Malolactic fermentation in wine
Numerous species of lactic acid bacteria (LAB) have been isolated from wine, which can ferment various wine ingredients to lactic acid.
Lactic acid bacteria use glucose, fructose, pentose, malic, tartaric and other acids for their metabolism. Depending on which ingredient they use in their metabolism, they can act in two ways:
- Biological decomposition of malic acid into lactic acid – contributes to the quality of wine, making it less acidic, harmonious and softer, gentler and finally fully mature. With the decomposition of malic acid, wine becomes more stable with regard to lactic acid bacteria – the causes of spoilage
- Bacterial transformation of other ingredients – sugars, alcohol, acids … – leads to wine spoilage
During the wine production process, the proportion of acids decreases, due to the excretion of tartaric acid (potassium acid tartrate) and due to the decomposition of strong malic acid.
Malic acid has a bitter taste, and during malolactic fermentation it turns into weaker and milder lactic acid. Wines in which malolactic fermentation has been carried out have a softer, milder and more rounded taste, and the aroma is much more complex than in wines in which malolactic fermentation has not occurred.
The content of malic acid in grapes is 3-5 g/L, and sometimes up to 10 g/L. One smaller part is consumed during alcoholic fermentation, and the other, larger part is converted into wine and transformed in the process of lactic fermentation. The reduction in total acids can be 1-3 g / L, and sometimes more.
Lactic fermentation bacteria are resistant to: low pH, high alcohol content, low storage temperature and the addition of SO2.
The main products of malolactic fermentation are lactic acid and CO2. Secondary products can be formed during fermentation and they affect the taste and smell of wine in a certain way. These are, for example, acetaldehyde, acetic acid, diacetyl, ethyl lactate, acrolein …
Factors affecting the work of bacteria of malolactic fermentation:
- Alcohol – some bacteria are sensitive at 5-6% vol, while some are active at 14-15% vol. alcohol. The higher the alcohol content, the slower the breakdown.
- Temperature – to reduce malic acid in wine is most favorable 20-25 ° C. Degradation does not occur below 15 ° C or above 30 ° C. Therefore, in wines that contain little acid and do not want malolactic fermentation, the temperature should be taken into consideration.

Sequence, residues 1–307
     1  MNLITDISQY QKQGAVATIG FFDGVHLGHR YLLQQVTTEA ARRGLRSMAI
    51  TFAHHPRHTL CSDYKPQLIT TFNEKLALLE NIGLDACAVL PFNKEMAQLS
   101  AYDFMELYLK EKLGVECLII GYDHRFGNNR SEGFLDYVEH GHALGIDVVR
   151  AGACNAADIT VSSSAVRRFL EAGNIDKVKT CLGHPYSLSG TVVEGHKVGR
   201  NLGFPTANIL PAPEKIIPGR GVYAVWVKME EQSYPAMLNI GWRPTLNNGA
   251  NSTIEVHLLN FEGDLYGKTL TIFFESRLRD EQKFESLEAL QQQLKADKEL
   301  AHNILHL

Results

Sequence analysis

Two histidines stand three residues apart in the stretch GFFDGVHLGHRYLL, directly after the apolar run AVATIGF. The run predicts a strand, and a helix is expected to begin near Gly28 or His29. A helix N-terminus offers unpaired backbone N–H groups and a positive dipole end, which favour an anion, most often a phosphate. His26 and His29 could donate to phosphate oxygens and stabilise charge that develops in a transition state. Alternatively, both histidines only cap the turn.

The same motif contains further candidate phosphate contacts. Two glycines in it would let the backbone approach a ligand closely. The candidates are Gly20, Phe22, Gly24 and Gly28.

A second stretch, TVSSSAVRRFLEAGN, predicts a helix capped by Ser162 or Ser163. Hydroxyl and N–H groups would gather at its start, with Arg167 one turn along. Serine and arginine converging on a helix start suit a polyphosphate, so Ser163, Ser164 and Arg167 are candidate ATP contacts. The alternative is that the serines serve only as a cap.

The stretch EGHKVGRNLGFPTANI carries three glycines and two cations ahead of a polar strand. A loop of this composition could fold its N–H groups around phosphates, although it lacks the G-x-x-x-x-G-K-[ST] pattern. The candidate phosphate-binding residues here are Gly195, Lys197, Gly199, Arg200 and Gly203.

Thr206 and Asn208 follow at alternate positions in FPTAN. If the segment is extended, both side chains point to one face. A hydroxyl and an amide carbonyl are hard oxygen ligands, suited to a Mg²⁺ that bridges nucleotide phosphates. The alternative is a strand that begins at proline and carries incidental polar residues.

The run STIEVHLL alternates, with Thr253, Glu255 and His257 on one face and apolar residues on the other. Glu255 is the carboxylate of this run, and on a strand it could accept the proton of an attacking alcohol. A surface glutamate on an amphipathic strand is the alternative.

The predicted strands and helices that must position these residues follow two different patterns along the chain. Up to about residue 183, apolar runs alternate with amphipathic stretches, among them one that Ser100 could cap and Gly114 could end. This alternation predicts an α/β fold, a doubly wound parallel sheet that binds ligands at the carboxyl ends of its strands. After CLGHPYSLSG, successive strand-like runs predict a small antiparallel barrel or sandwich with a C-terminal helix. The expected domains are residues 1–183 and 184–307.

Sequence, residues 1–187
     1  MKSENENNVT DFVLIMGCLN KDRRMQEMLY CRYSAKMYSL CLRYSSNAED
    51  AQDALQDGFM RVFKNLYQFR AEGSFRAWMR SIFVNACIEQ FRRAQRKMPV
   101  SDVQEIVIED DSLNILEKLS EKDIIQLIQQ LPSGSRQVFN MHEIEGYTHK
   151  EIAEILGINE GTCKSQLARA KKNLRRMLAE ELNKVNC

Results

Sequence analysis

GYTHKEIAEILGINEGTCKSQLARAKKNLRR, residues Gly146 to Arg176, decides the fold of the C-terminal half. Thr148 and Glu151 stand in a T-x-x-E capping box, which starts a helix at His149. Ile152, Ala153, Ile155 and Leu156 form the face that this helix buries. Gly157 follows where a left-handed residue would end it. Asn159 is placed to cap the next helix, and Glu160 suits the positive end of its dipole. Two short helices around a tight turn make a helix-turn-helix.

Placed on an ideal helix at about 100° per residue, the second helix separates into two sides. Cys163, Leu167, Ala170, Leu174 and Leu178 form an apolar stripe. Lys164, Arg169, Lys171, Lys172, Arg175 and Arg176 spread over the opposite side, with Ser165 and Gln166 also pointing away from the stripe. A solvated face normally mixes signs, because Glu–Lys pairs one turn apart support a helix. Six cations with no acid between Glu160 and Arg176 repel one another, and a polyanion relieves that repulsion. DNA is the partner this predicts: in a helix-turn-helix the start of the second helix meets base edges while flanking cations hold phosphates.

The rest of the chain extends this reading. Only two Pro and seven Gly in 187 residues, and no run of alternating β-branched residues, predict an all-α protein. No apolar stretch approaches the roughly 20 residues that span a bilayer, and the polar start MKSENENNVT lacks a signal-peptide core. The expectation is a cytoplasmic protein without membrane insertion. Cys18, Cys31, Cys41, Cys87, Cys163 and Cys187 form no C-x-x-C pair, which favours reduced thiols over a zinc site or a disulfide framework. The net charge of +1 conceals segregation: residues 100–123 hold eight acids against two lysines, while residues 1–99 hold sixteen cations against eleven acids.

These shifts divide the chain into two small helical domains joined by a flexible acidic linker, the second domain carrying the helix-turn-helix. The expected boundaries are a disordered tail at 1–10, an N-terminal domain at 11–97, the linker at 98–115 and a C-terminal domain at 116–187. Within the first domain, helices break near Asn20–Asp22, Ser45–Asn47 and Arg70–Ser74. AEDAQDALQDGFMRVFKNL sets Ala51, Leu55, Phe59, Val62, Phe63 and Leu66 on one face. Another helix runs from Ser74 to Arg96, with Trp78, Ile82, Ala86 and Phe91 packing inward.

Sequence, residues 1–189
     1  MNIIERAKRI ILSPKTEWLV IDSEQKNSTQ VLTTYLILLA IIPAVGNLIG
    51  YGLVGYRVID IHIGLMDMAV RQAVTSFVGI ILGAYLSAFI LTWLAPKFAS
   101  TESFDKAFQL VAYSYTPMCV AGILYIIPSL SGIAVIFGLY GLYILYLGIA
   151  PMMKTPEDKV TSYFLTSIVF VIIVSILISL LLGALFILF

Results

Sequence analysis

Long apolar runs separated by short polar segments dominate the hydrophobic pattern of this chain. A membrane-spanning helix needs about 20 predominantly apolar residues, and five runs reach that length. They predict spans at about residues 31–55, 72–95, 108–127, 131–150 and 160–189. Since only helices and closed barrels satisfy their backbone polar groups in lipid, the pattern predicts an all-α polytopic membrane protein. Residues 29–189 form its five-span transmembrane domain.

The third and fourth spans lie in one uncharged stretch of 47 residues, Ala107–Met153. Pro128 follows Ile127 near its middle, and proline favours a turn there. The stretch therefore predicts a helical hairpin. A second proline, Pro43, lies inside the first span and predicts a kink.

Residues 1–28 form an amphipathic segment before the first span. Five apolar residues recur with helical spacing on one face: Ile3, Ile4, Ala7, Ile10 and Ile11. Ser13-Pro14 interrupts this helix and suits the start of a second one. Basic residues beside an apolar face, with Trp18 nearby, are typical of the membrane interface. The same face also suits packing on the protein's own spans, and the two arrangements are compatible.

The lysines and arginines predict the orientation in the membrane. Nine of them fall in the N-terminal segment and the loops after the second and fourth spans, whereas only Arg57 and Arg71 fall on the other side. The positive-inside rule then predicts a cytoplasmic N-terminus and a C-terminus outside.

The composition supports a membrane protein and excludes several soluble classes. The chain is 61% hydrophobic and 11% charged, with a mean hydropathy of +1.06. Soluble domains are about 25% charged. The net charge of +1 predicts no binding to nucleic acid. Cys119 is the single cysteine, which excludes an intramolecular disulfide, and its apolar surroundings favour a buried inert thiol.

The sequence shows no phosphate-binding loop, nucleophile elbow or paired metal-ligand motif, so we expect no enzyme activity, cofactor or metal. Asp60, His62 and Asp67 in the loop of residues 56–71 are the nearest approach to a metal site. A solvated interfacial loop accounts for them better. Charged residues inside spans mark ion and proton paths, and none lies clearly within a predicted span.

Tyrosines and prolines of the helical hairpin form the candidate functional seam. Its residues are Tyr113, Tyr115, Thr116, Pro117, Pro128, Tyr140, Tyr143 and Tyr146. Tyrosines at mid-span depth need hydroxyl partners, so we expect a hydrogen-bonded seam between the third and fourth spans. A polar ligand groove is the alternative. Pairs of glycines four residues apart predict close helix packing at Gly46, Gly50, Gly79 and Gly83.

- pH – Lactic acid bacteria decompose malic acid only above pH 3.2, and according to some data they are most active in the range of 4.3-4.8. At the acidity most commonly encountered in wine (pH 3-4), fermentation of malic acid will begin before the pH is closer to 4.
- SO2 – sulfurization delays the onset of malolactic fermentation. 50-70 mg / L of free or bound SO2 prevents malolactic fermentation.
- Polyphenols – inhibitory properties of barrel or tannin polyphenols
In which wines is malolactic fermentation desirable, and in which should it be prevented?
If the grapes or must contain less acid, after alcoholic fermentation the wine must be sulphurised, the first flow must be made earlier and the cellar temperature maintained up to 15 ° C. When wines are more acidic, with a higher proportion of malic acid, the wines must later be swollen from the lees, in order to release from the yeast cells the ingredients necessary for the growth of bacteria of malolactic fermentation, and should be less sulfurized.
It is desirable to carry out malolactic fermentation in:
- white wines naturally containing more acids (above 8 g / L) – poor grape ripening, in general northern vineyards
- red wines, which achieve optimum quality by longer maturation (aging wines)
- champagne wines
- white wines, which require a certain personality of the age they achieve by longer maturation
Malolactic fermentation is undesirable in:
- wines that naturally contain less acid
- white dry wines, with a fruity character and to which the amount of acids 6.8-7.5 g / L with 11-12 vol% alcohol ensures the harmony of taste
- wines obtained from varieties that have special organoleptic properties, because the typical taste and aroma changes in malolactic fermentation can cover the personality of the variety (for example, Rhine Riesling)
- rosé wines, which are characterized by freshness of taste
Reasons for conducting malolactic fermentation:
- Deacidification – the acidity of the wine is reduced by 1-3 g / L
– increase in pH by 0.1-0.3 units
– significant for strongly acidic wines
– may be undesirable for low acid wines
- Changing the aroma of wine – depends on the type of bacteria, the composition of the juice and the level of aeration
– due to the formation of numerous by-products, the aroma of wine becomes more complex
- Bacteriological stability of wine – consume nutrients used by other organisms
Measuring malic and lactic acid in wine
For measuring malic and lactic acid in wine, enzymatic methods are very simple and accurate to use. Enzymatic analysis imply a series of chemical reactions to covert a compound of interest into one that can be measured on a spectrophotometer via light absorbance. In this kind of reaction NAD+ reacts with malic acid to produce an equivalent amount of NADH, which can be measured at 340 nm (simillar with lactic acid). Kits for this assay are commercially available.
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Author: Tajana Frančić, mag.nutr.